These materials are “natural” as far as the composition of the material is concerned, even though the method of “nanosizing” is not necessarily so. In the future, “twice natural” materials based on natural products and formed by natural processes may become of special interest. Such materials are feasible, as the example of nano-deposits in bacteria and fungi highlights, although they are rarer in practice and probably would need to be separated from larger particles and purified by adequate separation methods. Chalcogen nanoparticles produced by bacteria such as Staphylococcus carnosus and by certain yeasts, such as Saccharomyces cerevisiae and Candida glabrata, are also not solely “inorganic”, as one may suspect initially, but are often coated with proteins and enzymes, which renders these nicely shaped natural nanorods and nanospheres particularly interesting [1,2,12–16].
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Regardless of origin, natural nanomaterials are rather special once their biological activity and possible applications in Biology, Medicine, Pharmacy and even in Agriculture are considered. Whilst macroscopic particles usually lack any pronounced biological activity due to low bioavailability, and rapidly and completely soluble materials act almost exclusively via chemical interactions, nanomaterials exert their activity on biological systems via more than one mechanism. These materials are (a) generally reasonably bioavailable thanks to their small size, which enables them to form nanosuspensions and to cross biological barriers, (b) highly reactive chemically as a result of their large surface-to-volume ratio, (c) excellent release systems for biologically active molecules, and (d) also able to act via physical rather than chemical interactions, for instance by disrupting cellular and subcellular structures. The examples discussed in the manuscripts of this Special Issue bear witness to this specific cocktail of actions and interactions. They range from antioxidant and cytotoxic activities of various natural products and substances to the delivery of reduced glutathione (GSH) and a kind of “nano-therapy” involving reactive oxygen species (ROS). Certain nanomaterials may protect cells by releasing GSH, as discussed by Gaucher et al. . Others may turn out to be toxic, and the manuscript by Brenneisen and Reichert discusses a novel perspective on this particular matter of (nano-)toxicity .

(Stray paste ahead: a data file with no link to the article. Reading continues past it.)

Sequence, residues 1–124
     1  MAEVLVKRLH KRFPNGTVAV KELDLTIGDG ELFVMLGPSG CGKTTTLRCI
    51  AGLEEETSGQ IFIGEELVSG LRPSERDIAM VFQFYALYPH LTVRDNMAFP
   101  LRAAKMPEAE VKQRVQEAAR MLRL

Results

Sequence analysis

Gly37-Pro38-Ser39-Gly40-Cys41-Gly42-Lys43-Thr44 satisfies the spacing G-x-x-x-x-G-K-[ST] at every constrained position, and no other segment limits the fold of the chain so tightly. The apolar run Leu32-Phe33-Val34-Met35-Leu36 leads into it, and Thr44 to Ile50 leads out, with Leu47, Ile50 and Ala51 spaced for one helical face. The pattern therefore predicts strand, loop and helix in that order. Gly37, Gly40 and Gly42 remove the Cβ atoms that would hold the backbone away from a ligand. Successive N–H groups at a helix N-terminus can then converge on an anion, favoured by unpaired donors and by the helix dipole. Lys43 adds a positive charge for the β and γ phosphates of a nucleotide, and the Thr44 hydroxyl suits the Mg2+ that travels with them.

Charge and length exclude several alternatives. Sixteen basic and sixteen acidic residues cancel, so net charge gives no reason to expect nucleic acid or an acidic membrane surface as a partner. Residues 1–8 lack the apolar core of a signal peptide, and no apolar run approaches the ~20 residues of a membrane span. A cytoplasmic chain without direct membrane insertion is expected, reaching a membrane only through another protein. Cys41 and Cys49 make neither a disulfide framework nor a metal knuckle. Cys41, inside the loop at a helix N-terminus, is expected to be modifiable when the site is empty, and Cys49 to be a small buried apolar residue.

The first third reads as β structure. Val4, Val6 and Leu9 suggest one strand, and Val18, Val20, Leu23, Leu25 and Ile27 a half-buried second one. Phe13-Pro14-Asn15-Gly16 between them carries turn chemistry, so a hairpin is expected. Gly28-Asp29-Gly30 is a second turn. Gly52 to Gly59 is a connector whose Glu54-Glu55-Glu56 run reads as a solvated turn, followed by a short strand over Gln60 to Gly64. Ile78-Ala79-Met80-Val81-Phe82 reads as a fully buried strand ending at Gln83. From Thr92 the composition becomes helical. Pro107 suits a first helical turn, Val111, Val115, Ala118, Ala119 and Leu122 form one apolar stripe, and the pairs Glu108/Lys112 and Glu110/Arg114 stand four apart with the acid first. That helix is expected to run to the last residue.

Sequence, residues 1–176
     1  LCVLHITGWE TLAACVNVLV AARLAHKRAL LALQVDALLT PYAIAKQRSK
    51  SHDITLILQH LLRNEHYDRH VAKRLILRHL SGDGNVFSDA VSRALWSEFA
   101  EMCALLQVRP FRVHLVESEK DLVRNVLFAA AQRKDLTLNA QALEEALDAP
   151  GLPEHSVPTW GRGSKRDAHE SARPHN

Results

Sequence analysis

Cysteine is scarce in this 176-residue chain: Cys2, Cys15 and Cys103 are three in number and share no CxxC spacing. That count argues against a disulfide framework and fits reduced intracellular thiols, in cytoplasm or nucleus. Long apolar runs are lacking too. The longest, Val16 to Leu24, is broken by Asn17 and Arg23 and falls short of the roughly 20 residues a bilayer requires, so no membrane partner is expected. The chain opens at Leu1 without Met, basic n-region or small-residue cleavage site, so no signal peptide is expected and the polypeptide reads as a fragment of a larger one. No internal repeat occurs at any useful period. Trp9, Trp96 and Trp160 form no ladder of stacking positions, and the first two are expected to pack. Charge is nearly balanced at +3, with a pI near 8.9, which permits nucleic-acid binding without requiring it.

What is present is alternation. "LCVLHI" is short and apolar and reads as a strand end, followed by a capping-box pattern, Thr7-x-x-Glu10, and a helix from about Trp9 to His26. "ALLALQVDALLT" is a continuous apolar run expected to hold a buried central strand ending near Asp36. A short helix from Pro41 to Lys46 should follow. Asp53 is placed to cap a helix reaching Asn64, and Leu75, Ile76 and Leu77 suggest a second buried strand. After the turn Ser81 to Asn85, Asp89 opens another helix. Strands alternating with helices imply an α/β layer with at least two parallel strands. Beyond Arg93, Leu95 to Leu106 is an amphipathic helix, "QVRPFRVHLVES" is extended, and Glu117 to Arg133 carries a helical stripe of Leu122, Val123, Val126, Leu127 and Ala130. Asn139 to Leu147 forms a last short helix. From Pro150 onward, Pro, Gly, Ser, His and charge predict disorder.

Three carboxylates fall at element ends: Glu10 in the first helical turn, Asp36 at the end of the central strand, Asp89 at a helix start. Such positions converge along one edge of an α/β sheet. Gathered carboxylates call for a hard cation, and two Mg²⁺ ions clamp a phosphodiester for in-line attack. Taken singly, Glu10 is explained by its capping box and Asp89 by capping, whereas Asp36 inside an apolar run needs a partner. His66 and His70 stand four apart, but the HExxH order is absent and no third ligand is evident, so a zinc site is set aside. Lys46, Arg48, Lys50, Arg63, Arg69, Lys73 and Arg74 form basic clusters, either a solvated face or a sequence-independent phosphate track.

Indeed, nanosized materials may be rather disruptive, and nanotoxicity, often associated with the formation of ROS, may not only be detrimental, but from a therapeutic perspective, may also open up new and innovative avenues in the design of agents acting via a combination of physical and chemical modes of action [19,20].
In this, and in various other respects, the manuscripts in this Special Issue foretell a variety of natural or artificially generated nanomaterials which differ dramatically from their macroscopic and soluble counterparts and may provide a range of interesting leads for innovative food supplements, therapeutics, cosmetics and phyto-protectants. So indeed, size matters, and apart from being beautiful, small may also—literally—be quite fruitful in natural product research and development.
Conflicts of Interest:The authors declare no conflict of interest.